English Oxford Dictionaries describes marketing as “The action or business of promoting and selling products or services including market research and advertising.” That means that marketing is present during all stages of business, from the beginning to the end. Ultimately, marketing is the process of getting customers interested in your company’s products or services. If this sounds essential, well it is. But where to begin? With learning and implementing the core elements of marketing of course.
01:08 – The Many P’s of Marketing
02:01 – Where Marketing starts
03:10 – Definition of Marketing
04:51 – The 4 P’s
10:28 – The Extended Marketing Mix
14:10 – The Ninth P: Profitability
16:15 – Summary
In the 1960’s, marketing professor and author E. Jerome McCarthy developed a basic framework for marketing called the “4 Ps of marketing.” Then, in 1981, Booms and Bitner added three more Ps to the marketing mix. However, I believe there are nine basic elements to marketing products and services, not just four or seven.
To market your product or service, you have to ask yourself several questions. Do you know your product well enough to sell it to customers? Who is your ideal customer? Does this product fit into your market place? What messaging will help you increase sales of the product? Can you develop or modify the product to make it better or more appealing? How will you sell your product; what platforms will you use? Essentially, you want to make your product marketable.
The second “P” of marketing is price. This is where your marketing team is going to check out your competitor’s pricing and use focus groups or surveys to estimate the price customers are willing to pay for your product. You see, if the price is too high, then you’re going to lose your potential customer base. Yet, if it’s too low, then your company will lose too much money. Neither of those options makes your business profitable, so you have to deal with price when you’re marketing.
Location, location, location…the “place” can have a huge effect on marketing. In other words, how and where will you market your product for sale? Will you sell it strictly through an ecommerice blog or site, or will you have a brick and mortar store as well? Will you sell your products on television through QVC or solely through social media sites? Before you can advertise your products, you must have a place people can go to purchase your goods or services.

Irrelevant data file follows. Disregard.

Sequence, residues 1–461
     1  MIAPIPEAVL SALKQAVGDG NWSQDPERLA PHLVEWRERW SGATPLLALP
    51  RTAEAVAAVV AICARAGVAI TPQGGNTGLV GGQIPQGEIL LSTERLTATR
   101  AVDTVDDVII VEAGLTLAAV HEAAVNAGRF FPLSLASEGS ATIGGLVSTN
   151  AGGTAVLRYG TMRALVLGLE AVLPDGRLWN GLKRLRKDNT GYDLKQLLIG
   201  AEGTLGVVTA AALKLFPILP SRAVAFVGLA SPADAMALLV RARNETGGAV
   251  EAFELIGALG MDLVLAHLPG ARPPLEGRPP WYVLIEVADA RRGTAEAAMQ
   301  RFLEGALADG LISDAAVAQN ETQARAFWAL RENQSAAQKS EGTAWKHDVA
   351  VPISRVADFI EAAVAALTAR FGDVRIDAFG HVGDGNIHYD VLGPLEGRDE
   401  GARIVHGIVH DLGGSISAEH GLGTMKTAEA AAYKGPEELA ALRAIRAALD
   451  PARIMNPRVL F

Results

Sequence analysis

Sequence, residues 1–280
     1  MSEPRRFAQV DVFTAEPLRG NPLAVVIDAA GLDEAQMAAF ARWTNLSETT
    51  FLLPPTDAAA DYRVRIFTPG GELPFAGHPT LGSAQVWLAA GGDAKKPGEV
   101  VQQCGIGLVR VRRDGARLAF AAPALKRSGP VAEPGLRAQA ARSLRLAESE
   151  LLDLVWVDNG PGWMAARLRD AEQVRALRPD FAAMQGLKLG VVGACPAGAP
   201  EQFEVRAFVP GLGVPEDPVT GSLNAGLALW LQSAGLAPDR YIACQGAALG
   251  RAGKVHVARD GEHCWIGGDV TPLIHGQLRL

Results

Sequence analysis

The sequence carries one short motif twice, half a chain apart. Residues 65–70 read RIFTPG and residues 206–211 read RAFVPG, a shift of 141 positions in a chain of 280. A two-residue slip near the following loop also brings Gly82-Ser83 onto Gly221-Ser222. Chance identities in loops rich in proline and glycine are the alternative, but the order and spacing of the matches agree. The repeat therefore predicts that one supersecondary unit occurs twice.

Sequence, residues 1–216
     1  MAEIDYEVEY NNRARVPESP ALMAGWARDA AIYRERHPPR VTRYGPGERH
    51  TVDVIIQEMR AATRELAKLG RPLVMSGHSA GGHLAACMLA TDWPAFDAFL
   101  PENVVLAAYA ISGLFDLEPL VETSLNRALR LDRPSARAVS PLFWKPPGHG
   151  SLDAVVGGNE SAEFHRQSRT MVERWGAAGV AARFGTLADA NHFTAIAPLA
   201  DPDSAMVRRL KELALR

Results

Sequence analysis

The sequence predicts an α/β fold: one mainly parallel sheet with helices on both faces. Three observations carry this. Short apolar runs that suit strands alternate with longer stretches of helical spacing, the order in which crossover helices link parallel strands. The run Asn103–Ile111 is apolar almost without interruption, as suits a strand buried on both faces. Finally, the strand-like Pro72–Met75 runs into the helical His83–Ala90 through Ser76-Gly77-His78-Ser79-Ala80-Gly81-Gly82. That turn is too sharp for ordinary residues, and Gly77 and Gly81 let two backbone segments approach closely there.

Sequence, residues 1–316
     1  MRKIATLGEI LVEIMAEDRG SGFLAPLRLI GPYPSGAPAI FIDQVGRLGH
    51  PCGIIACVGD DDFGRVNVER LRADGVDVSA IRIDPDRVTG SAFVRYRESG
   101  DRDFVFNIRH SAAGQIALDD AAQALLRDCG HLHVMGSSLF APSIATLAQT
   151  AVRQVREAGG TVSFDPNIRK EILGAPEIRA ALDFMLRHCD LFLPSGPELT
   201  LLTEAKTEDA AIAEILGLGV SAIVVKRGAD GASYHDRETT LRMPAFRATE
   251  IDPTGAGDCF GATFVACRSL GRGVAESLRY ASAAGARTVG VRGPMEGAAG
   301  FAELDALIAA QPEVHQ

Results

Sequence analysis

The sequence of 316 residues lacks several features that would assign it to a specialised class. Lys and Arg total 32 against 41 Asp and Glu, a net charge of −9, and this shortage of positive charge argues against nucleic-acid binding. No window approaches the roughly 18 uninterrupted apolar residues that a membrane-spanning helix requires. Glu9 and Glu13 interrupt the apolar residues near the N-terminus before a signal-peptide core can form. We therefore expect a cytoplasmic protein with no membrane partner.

The last original “P” identified by McCarthy is promotion. Once you know where customers can buy your products or services, you need to promote them through advertising in your marketplace. Maybe you use social media, direct mailers, television, or radio. Perhaps you host an event or go to networking events. Ultimately, the goal of promotion is to generate more sales leads by showing off your product or service.
The first 4 Ps are where marketing begins. But marketing involves so much more. Additionally, companies rely on people to market. They are the ones running your business from the front lines, the phone lines, or the Internet lines. Everyone from your maintenance staff to your managing directors meet and greet customers. Their attitudes may not affect whether customers come into your store, but they will affect whether customers come back to your store. As I’ve discussed before, your team’s attitude reflects the culture of your company. Therefore, your team members can be your greatest marketing asset or they can bring about your marketing plan’s downfall.
Another “P” added to the Ps of marketing list in 1981 is process. How are you going to deliver the product or service to your customers? Will it be through the mail or through an actual retail store? If you offer services, maybe you have customers meet you in your office, or you go to theirs. Inevitably, you have to know how to deliver your product or service to your customer once they purchase. If the process is too slow or the communication is too poor, you will lose customers and money. However, if you keep customers informed throughout the delivery process and you make the process quick and efficient, you will increase your customer base and profitability because customers are likely to return to you for products and services.
Although it’s fairly easy to market physical products you sell, it’s a bit harder marketing services you provide. Technically, you don’t have anything to show customers. They can’t pick up your services and “try them on for size,” if you will. Therefore, to market your intangible services, you need to create something tangible that describes, explains, or represents your service process. Maybe you create a chart that shows your service process or a graph that explains your service offerings. Give them something physical they can touch and evaluate.
Perhaps the most controversial P of marketing is productivity. Yet, measuring how productive your marketing campaigns are is fairly vital to your marketing department. Essentially, those in your marketing department are trying to read the marketplace and offer goods and services in such a way that will appeal to those people. Your company’s increases or decreases in sales of the advertised products and services should then reveal how productive your marketing campaign was.
I’d actually argue that profitability should be at the top of the list of marketing Ps. Unless the marketing plan and process leads to profitability, then you’re wasting your business’s money. You need your marketing campaigns to be both productive and profitable, not just productive.
If you look at those basic elements of marketing, then you’ll notice that you have all the core elements you need to develop a marketing plan. Essentially, marketing is looking at those 9 elements and developing a method to get your products or services in front of your potential buyers. It’s meeting your customers’ pain point so they act and purchase your products.